This section deals with complaints when you try to buy or sell your home through an estate agent. Complaining is usually the best way of dealing with issues such as rudeness or lack of consideration.
If you have lost a large amount of money because of an estate agent, you should get advice from a solicitor before you complain.
If an estate agent is working for your landlord by looking after the tenancy of your home on his/her behalf, please see the section on complaints about letting agencies.
If an estate agent is working for your freeholder by looking after the lease of your home on his/her behalf, please see the section on complaints about managing agents.
It may be appropriate to complain in different ways, depending on the circumstances. In some cases you should complain to the letting agent direct, or to the letting agent’s professional association, if they are members.
Complaining to the agent's customer (ie the seller)
It is worth complaining to the customer if:
- the home has not been sold yet, and
- the complaint is about behaviour that might make the home harder to sell, for example, rudeness, inefficiency or lack of consideration.
It is probably not worth complaining to the customer if:
- the home has already been sold, or
- the complaint is about behaviour that will not make the home harder to sell.
Complain by letter. Please see the section on how to make a complaint for tips on what to say. The customer may investigate your complaint, but you can’t make them do anything.
Complaining to the Trading Standards Officer or the Office of Fair Trading
Every council has a Trading Standards Officer, whose department investigates complaints about local businesses that have broken the law. You can find details of your local Trading Standards office on the Trading Standards website.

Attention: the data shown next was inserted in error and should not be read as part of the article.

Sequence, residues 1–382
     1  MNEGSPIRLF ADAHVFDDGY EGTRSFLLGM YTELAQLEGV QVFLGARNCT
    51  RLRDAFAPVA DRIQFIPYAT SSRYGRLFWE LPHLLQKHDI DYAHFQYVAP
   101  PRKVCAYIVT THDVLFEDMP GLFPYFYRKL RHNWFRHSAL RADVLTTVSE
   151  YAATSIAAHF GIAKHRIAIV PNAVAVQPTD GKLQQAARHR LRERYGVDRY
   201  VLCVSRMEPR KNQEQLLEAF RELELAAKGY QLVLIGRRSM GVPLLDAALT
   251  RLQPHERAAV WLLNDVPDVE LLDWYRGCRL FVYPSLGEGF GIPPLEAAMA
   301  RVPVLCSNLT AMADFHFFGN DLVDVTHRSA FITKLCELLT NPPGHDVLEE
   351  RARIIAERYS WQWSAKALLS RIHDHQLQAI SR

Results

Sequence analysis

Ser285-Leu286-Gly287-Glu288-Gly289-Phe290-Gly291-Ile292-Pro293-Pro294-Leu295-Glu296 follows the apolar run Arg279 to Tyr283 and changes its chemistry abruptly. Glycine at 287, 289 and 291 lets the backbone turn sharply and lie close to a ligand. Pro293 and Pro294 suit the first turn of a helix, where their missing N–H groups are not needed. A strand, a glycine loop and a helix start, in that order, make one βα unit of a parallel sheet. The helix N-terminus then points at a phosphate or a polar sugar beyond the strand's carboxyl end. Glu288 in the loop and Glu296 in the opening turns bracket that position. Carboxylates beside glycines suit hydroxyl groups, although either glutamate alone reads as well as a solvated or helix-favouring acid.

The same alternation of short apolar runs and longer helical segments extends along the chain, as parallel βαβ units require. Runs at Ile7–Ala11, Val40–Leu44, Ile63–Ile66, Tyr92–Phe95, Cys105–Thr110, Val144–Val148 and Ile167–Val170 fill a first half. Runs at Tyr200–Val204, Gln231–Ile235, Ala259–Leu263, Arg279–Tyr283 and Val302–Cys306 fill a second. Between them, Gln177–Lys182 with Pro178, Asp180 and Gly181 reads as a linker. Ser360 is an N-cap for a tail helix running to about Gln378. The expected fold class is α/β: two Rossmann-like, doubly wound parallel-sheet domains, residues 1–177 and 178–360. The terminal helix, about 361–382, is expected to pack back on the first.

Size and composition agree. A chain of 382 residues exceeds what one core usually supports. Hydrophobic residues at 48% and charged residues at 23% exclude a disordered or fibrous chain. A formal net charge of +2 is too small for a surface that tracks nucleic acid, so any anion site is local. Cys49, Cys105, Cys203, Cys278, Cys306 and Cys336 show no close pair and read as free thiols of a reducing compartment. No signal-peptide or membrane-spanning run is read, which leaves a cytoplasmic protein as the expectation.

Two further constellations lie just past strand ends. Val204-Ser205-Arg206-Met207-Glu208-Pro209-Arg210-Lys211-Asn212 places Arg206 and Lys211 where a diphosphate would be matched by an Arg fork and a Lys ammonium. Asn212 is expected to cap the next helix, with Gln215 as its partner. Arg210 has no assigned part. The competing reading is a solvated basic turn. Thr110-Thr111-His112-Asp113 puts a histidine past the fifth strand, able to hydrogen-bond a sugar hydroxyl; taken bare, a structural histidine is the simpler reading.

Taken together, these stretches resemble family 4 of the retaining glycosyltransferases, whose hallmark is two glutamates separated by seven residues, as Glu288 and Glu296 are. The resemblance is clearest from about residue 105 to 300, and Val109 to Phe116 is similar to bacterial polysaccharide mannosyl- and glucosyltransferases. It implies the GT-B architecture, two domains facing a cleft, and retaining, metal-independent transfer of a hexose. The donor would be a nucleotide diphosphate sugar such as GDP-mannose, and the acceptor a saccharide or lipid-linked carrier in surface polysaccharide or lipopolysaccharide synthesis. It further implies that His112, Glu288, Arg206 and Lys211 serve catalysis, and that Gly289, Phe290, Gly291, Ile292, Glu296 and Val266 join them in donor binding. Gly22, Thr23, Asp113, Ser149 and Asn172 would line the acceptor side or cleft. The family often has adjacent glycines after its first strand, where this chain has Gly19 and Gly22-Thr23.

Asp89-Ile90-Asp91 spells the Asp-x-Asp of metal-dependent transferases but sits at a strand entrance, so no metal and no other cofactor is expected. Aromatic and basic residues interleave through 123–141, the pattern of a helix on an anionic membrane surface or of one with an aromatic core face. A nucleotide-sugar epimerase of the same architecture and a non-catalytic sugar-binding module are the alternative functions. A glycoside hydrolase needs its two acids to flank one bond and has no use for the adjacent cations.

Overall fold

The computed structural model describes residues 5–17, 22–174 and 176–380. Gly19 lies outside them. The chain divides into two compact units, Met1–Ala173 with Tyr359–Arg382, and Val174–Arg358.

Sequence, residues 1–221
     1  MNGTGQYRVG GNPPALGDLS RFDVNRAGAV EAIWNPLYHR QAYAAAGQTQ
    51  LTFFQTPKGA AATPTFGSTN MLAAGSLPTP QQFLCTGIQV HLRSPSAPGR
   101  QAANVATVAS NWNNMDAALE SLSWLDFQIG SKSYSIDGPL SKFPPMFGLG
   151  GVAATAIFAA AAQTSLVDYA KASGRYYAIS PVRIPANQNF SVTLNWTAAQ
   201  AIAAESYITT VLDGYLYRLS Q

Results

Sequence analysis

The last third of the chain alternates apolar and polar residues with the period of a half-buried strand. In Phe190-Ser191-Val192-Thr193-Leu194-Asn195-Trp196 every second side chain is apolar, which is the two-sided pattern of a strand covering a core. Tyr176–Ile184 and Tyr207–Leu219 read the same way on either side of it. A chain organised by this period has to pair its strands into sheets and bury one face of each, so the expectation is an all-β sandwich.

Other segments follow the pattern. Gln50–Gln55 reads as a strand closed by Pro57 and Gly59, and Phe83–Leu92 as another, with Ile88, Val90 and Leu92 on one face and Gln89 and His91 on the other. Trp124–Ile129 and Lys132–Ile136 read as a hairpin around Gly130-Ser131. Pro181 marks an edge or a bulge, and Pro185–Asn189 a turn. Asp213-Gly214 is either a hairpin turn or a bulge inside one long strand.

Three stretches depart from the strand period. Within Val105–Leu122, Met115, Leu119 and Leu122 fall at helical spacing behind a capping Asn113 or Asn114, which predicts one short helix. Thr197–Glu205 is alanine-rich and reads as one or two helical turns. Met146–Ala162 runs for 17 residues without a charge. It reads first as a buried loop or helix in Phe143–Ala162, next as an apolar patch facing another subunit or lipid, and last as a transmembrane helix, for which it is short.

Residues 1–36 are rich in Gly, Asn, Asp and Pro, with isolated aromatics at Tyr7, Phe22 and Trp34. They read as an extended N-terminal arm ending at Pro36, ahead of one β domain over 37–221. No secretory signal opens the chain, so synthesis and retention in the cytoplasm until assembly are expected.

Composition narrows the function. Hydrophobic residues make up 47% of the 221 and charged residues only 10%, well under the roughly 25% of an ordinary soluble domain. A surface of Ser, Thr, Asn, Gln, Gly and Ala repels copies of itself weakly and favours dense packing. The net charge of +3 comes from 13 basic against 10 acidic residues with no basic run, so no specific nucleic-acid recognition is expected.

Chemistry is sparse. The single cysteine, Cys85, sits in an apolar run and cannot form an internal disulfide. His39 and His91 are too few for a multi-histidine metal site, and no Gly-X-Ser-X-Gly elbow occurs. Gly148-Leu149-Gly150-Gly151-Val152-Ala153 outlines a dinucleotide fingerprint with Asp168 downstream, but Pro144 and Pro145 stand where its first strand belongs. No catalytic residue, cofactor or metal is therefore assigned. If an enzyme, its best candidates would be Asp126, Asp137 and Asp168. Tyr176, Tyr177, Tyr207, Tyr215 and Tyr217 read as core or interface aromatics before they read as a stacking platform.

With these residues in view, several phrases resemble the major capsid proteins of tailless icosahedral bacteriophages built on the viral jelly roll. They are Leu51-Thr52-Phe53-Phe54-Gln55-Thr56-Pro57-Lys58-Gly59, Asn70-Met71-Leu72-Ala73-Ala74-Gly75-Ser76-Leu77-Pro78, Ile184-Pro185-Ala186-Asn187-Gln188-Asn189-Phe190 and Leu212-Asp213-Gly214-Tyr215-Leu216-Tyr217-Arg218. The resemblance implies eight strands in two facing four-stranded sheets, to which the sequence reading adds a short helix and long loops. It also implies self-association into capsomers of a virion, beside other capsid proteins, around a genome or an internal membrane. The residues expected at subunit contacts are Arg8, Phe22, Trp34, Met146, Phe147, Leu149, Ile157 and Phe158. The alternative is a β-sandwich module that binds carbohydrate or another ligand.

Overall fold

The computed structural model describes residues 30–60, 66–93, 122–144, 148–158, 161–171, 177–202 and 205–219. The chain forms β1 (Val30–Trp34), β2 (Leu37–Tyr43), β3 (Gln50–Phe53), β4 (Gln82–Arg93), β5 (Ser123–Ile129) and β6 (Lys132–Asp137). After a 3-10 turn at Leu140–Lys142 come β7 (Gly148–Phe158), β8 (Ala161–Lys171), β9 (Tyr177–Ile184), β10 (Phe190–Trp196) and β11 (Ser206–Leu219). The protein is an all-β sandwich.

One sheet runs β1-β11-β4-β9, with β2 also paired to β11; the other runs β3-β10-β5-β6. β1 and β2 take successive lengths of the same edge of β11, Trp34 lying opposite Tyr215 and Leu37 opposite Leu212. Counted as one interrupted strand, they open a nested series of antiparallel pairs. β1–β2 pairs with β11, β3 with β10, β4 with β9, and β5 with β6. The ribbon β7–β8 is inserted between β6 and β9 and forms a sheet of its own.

The Office of Fair Trading (OFT) is a government agency that has the same job at a national level. It has an online register of estate agents, which allows you to check whether a particular estate agent has been banned from trading in the past, or has had restrictions placed upon them.
You can complain to the Trading Standards Officer or the OFT about an estate agent’s behaviour during an actual or attempted sale/purchase transaction, if you believe that an estate agent has broken part of the law relating to estate agents, for example by:
- failing to declare any personal interest in a home sale or purchase
- failing to set out the agent’s terms and conditions clearly in writing
- discriminating against a buyer who does not want to take any services from the agent, for example, arranging a mortgage or insurance cover
- failing to forward all offers promptly and in writing to the seller
- dishonestly misrepresenting information about offers or purchasers
- making a false or misleading description about a property.
Often the Trading Standards Officer and OFT work together, so you should not complain to them both unless you are asked to.
The Trading Standards Officer and OFT have a range of powers available to them, from investigating and providing information to prosecution in serious cases. They will provide you with initial help, but they can’t be forced to take on your case, and they can’t award you compensation.
Complaining to the Property Ombudsman
The Property Ombudsman scheme provides a free, independent service for resolving disputes between estate agents and their customers. Many estate agents are members - those that are must display the ombudsman's logo on windows, advertising and stationery.
Member agencies must:
- follow the Property Ombudsman Code of Practice
- have agreed to have professional indemnity insurance to ensure that any compensation awarded to you can be paid
- have an in-house complaints system with written procedures
- explain how the ombudsman can help resolve complaints and co-operate with any investigation
- agrees to pay compensation promptly, if the ombudsman awards it and you accept.
The ombudsman can only consider complaints if you have already tried to use the agent's internal complaints procedure but are not happy with the outcome. See the Property Ombudsman website for more information.